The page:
Tag Archive: Brydan Klein


As I was putting together a database of Challenger and Futures players in the Top 500, I compiled just about every available piece of info I could find. And I found that one of the more interesting data fields came from the players’ “Personal Interests”, as listed on their ITF Biography Pages.

If you’ve ever tried researching players outside the Top 200, you’ll probably know how hard it is to dig up any info other than results for said players.  While a large majority of the Top 200 enjoy a lavish paragraph or two on the ATP’s “Personal” profile tab*, often the only sense one can get of a tenniser’s multi-dimensionality comes from this part of their ITF page.

Now, a lot of these interests are fairly drab or predictable; almost 50% of players list either soccer or football, for example.  Or 15% list “golf”, for another. But some are interesting and unique enough that they bear special mention, which is what I’ll do in this post, expertly dividing them into neat-o sub-categories such as:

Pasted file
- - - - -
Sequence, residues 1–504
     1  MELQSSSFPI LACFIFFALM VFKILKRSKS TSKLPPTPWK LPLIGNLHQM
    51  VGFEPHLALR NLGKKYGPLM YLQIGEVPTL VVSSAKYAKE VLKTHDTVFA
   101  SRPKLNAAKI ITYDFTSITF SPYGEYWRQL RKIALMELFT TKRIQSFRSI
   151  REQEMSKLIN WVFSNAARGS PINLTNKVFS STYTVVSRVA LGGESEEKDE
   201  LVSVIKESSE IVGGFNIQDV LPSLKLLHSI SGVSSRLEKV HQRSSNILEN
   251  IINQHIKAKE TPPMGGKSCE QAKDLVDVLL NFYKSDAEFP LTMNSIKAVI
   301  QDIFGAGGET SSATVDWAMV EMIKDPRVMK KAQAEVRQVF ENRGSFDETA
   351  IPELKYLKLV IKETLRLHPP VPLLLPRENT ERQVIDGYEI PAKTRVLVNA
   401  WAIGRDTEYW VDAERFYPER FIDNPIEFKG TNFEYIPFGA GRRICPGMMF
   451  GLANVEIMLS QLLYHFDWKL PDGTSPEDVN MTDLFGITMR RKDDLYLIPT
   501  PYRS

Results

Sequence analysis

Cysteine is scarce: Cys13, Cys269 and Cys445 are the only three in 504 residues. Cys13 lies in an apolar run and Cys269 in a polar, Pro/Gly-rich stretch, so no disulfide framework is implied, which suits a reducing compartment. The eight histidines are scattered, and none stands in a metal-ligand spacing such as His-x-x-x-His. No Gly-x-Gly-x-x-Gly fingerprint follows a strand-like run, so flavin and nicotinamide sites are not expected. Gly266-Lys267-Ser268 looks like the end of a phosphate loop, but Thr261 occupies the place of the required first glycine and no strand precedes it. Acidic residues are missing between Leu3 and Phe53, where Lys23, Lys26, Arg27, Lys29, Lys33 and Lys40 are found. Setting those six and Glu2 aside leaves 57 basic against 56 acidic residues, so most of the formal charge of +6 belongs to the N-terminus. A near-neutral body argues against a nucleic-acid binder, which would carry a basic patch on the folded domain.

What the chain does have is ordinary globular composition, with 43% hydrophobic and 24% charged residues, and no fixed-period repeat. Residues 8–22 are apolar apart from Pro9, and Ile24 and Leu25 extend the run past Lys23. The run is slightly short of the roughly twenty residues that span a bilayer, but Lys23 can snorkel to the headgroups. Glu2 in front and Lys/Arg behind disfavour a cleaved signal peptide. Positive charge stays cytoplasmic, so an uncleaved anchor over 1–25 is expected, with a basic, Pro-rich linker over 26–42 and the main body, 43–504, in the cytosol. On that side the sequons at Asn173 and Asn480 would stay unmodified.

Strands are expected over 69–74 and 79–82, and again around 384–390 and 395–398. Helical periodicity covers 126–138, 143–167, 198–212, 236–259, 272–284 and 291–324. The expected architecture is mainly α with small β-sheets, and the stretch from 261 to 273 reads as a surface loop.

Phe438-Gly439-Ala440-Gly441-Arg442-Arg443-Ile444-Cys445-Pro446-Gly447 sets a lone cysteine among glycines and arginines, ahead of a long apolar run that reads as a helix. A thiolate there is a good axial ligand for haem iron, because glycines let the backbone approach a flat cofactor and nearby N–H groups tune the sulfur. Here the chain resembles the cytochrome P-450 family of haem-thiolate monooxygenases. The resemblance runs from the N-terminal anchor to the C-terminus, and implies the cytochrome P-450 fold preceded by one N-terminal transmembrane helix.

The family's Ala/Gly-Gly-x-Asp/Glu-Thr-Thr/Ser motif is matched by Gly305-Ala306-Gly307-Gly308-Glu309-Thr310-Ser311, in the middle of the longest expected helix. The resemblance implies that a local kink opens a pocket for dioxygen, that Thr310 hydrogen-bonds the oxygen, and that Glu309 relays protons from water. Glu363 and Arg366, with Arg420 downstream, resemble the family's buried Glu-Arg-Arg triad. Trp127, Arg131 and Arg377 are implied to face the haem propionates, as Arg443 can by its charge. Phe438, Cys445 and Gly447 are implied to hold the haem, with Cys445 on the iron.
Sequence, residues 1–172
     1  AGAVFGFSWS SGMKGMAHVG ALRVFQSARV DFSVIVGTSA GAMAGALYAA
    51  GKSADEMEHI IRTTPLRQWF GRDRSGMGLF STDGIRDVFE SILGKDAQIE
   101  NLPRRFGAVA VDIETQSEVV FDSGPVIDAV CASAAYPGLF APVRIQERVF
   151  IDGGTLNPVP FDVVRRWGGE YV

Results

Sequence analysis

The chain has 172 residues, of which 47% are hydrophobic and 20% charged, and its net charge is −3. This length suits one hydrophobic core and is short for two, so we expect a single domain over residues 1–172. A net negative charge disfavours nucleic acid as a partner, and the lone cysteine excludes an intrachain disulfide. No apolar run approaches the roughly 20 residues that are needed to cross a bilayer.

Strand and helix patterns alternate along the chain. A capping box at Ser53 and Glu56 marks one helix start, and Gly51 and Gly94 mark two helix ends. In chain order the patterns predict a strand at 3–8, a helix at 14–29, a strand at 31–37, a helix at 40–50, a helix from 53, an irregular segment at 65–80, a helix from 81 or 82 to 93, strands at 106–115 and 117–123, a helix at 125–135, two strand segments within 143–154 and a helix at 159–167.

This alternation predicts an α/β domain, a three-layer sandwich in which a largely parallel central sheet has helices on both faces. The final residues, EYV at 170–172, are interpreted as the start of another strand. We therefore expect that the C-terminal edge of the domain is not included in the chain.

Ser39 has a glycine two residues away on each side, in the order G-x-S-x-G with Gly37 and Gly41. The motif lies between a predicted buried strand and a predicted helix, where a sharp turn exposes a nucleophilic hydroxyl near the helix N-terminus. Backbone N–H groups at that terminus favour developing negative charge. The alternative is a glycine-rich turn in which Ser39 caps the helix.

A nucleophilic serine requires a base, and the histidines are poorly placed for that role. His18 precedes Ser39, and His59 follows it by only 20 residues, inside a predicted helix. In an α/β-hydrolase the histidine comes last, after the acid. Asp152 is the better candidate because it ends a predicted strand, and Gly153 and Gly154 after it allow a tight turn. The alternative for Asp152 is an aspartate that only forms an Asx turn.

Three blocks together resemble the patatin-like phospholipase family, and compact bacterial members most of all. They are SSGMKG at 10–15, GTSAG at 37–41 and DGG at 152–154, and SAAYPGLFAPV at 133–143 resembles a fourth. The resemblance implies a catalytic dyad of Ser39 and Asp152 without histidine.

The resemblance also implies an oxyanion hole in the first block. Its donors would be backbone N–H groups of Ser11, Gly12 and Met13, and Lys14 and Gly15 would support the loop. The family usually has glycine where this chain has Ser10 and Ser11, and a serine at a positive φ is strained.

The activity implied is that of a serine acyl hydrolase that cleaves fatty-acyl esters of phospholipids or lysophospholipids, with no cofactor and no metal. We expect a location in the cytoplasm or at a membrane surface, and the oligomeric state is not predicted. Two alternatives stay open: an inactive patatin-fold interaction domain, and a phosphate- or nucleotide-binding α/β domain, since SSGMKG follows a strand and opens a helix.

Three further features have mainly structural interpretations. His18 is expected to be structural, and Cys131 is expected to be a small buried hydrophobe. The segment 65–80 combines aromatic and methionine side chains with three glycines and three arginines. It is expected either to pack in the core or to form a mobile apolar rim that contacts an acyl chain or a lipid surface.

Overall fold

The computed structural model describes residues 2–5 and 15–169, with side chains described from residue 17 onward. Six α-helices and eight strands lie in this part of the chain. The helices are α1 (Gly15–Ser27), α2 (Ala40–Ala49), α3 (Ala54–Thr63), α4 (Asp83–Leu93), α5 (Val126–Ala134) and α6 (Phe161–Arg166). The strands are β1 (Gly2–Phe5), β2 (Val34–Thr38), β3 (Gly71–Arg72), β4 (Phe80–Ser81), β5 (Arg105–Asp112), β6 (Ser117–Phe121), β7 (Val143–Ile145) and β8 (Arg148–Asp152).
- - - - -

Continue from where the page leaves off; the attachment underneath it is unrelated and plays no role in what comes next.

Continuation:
Lotharios

A few players naturally list “girls” as one of their personal interests (although, predictably, none list them as “women”) — Marton Fucsovics and Brydan Klein among them (insert your own joke here).

That Ball's About To Be Fucsed Up

That Ball’s About To Be Fucsed Up

But only two (2) (TWO!) players list them as “girls!” with an exclamation point: Tunisia’s Malek Jaziri and Israel’s Dudi Sela. If you’ve been following the news, you will find that to be either a remarkable coincidence or Proof Once And For All of God’s Unquestionable Existence.

Oh, and there’s one (very smart) player who knows on what side his croissant is buttered, and that’s Lucas Pouille. Because instead of “girls” or “girls!”, the 19-year-old Frenchman has: “Girlfriend.” Period.

"Ooh la la -- I know how zee croissant is butTAIRED"

“Ooh la la — I know how zee croissant is butTAIRED”

Moldovans

As with Jaziri and Sela, I noticed that Moldovans like ATP #171 Radu Albot and #379 Maxim Dubarenco are the only people who list “walking with friends” as a favored activity.  Not “hanging out with friends” or “visiting with friends” – walking with friends.  Actually, Albot is even more exclusive than Dubarenco is, as he wrote “walking with best friends”.

Maximum Velocity

Maximum Velocity

Are you merely a good friend to Radu? Or are you a best friend? Find out by seeing if he walks with you!